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Perhaps our hearts are not as fragile as we sometimes think after receiving another tough blow. Perhaps the only pieces we can lose are the pieces that are not essential to our wholeness and need to be chipped away because they block the exquisite expression of our inner light.

Thy will be done. And may we trust the process and continue to shine.

I have a friend who is a brilliant sculptor. My favorite of all her pieces is one that was born from great personal loss. Before I learned the story behind the sculpture, I felt its power and was drawn to it. All her work is amazing, but this particular masterpiece is infused with pure spirit. When I imagine the creative process through which she manifested the vision she knew was waiting to be revealed in that block of clay, I conclude that it must have been holy. And I imagine the creative process that is shaping each of us is every bit as holy.

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At times this year, I’ve felt more anguished than I can remember ever feeling in my life. But the whole time – even when I felt the heaviness deep down in my bones – I sensed that the hurt didn’t go very deep, that all was well at the core, and that I had a great opportunity to heal some longstanding patterns. I cried, prayed, and did some hard, honest work – and it still hurt so much! It was such a humbling experience! But then one day, I woke up and finally knew what it felt like to be healed. A shift had taken place, and I had to bow to the miraculous forces at work in my life – the blows that seemed to come from every direction at once and hurt so much at the time but served a greater purpose. So at the end of this very difficult year, I feel stronger and more peaceful than ever and consider 2015 a year of incredible growth and empowerment. The pieces that were chipped away were not integral to my wholeness. They were illusions, ego, and false perceptions and beliefs I organized my life around that needed to be dislodged. The perfect storm that tore through my life was a catalyst for pivotal growth and refinement. I learned so much, generated even more compassion, and activated some energy that had been latent all my life. And now when I look in the mirror (so to speak), I marvel at the beauty of the carvings thus far.

Perhaps the final or biggest blows are not cruel or sad but ultimately are the most loving, skillful, and productive ones that finally and completely liberate the angel that has lived inside us all along: our true and most beautiful nature. I recall when my mom was dying, and her personality, ego, and form became so thin, allowing her formless essence to shine through more clearly and brightly than ever until it seemed she was pure essence.

And so another quote from Elisabeth Kubler-Ross comes to mind:

“The most beautiful people we have known are those who have known defeat, known suffering, known struggle, known loss, and have found their way out of the depths. These persons have an appreciation, a sensitivity, and an understanding of life that fills them with compassion, gentleness, and a deep loving concern. Beautiful people do not just happen.”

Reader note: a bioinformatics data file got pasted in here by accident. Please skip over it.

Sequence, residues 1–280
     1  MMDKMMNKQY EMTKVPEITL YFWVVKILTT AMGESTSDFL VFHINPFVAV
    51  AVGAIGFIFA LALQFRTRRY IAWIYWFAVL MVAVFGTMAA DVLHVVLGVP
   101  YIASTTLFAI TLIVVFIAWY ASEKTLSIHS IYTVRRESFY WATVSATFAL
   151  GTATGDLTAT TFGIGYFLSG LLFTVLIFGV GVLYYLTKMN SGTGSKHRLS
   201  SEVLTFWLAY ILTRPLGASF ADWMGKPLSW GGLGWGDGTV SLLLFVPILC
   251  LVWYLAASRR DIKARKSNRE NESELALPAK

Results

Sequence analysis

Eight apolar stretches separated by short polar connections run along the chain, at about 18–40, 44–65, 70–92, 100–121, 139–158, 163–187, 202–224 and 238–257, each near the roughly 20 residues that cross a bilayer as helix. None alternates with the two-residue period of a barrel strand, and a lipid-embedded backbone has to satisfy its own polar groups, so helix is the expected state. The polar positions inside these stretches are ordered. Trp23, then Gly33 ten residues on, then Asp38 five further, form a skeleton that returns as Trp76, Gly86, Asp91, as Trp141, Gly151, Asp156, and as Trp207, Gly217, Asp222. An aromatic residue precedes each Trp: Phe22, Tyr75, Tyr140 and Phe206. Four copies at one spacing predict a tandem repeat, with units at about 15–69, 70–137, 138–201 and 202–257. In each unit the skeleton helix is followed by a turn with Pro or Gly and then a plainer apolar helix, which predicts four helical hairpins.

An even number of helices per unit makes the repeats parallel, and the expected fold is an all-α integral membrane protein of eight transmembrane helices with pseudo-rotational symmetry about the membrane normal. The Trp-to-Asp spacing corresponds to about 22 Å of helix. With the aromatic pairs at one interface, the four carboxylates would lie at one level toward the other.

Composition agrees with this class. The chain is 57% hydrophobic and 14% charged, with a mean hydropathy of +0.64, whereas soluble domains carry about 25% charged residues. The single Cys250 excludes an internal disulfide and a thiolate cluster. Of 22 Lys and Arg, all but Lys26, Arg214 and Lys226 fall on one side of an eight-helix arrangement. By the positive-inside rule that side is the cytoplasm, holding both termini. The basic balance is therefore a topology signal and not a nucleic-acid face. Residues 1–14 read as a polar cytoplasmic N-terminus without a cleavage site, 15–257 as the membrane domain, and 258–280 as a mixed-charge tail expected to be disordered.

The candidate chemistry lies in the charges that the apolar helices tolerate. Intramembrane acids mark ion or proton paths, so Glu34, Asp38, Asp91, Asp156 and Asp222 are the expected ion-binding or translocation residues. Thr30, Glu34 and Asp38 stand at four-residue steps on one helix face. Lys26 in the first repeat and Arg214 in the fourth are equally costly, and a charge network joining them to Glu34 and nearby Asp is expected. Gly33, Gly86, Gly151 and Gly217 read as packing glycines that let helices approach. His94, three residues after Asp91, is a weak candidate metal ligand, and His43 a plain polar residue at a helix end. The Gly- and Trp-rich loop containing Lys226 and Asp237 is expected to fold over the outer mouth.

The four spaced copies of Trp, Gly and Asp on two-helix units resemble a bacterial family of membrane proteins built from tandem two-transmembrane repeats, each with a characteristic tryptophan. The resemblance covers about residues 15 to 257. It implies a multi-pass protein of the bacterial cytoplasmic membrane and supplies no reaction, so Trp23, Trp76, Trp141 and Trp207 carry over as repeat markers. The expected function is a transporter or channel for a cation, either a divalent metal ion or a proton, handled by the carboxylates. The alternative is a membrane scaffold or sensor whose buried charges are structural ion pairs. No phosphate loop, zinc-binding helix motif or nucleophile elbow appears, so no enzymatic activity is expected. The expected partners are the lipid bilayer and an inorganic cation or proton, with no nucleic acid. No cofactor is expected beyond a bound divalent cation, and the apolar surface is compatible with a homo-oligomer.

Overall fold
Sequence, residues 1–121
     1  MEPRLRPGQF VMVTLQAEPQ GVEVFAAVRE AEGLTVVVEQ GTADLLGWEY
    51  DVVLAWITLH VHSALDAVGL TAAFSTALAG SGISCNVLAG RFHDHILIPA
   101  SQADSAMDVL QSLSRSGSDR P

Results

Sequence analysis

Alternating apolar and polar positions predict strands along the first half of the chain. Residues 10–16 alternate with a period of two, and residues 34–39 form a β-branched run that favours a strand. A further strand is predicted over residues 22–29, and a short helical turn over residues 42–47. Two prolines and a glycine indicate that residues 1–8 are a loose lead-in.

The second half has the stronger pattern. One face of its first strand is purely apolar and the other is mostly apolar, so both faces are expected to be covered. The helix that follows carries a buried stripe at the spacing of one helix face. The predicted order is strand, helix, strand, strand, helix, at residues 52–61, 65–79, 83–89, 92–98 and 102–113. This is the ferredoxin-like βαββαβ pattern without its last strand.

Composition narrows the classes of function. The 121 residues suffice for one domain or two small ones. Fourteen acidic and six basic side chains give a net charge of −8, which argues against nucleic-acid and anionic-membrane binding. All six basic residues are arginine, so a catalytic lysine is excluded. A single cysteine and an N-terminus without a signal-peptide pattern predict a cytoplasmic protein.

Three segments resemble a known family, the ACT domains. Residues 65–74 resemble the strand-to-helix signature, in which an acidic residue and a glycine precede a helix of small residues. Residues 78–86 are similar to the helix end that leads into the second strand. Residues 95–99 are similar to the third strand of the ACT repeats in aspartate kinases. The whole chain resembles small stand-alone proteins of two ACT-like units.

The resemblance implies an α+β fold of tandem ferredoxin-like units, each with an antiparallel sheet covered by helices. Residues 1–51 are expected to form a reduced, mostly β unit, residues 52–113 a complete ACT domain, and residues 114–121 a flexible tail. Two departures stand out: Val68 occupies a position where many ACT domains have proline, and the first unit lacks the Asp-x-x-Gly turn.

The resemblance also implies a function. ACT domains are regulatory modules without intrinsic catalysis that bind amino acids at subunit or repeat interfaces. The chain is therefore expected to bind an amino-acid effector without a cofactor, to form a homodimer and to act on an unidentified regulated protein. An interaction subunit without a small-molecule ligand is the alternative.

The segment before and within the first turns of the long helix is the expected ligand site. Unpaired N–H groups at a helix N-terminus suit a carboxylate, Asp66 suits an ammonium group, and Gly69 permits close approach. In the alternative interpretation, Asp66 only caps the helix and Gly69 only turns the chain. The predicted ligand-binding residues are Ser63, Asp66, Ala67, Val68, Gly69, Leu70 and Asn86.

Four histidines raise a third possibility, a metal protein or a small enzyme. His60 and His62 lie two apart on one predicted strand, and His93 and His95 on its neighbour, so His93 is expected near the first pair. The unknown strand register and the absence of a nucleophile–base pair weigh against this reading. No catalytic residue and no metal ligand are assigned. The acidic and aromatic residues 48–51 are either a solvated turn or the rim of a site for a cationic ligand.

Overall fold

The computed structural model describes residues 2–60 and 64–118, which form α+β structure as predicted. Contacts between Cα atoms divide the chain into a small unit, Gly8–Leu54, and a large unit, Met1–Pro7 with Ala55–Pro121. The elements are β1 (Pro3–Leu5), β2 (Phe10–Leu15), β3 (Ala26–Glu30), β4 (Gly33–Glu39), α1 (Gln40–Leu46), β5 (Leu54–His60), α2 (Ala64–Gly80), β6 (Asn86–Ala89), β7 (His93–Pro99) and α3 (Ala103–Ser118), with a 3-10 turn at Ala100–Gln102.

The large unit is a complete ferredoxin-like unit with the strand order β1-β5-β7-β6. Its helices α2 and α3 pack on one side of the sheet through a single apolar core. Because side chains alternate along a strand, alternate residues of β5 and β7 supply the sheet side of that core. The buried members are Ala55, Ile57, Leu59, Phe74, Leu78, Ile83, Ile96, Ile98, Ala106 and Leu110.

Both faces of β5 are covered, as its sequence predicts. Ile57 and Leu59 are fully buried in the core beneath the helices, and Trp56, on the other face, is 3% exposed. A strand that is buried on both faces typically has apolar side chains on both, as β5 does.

Even when we navigate circumstances that feel painful on a personal, human level, may our journey unfold against a spiritual backdrop that reminds us to be grateful for everything that allows our spirit to shine with greater clarity and brilliance.

© 2015 Susan Meyer. All rights reserved. To use any or all of this blog post, include this exactly: Susan Meyer (SusanTaraMeyer.com) is a photographer, writer, clutter coach, feng shui consultant, and mindfulness mentor whose work is infused with a deep interest in the nature of mind and appreciation of the natural world. She lives on the Hudson River in Upstate New York. 

When the Veil is Thin

When the Veil is Thin

Today is the third and final day of a stretch of festivals and traditions that focus on remembering and honoring the dead. In addition to being Halloween, Saturday was also Samhain, a festival celebrated by Witches, Druids, Wiccans, and Pagans. According to tradition, this is a time when boundaries between this world and the afterworld are blurred, and spirits can pass through more easily. Today is the Christian (mostly Catholic) observance of All Souls’ Day, a time to remember and pray for deceased loved ones. Meanwhile, Latin American communities are celebrating Día de Muertos (Day of the Dead). These special days are celebrated by praying for departed loved ones, constructing alters and making food offerings to honor deceased ancestors, visiting cemeteries,  holding costume parades, and participating in other rituals to honor the dead.

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Today is also my daughter’s 21st birthday. She is expecting her first child – a daughter – in exactly three months.

What do you get when these various celebrations are taking place, and the veil between the living and the dead is believed to be thin? A mighty interesting dream. I woke up from it about an hour ago. I had intended to write about something else today, but that will have to wait.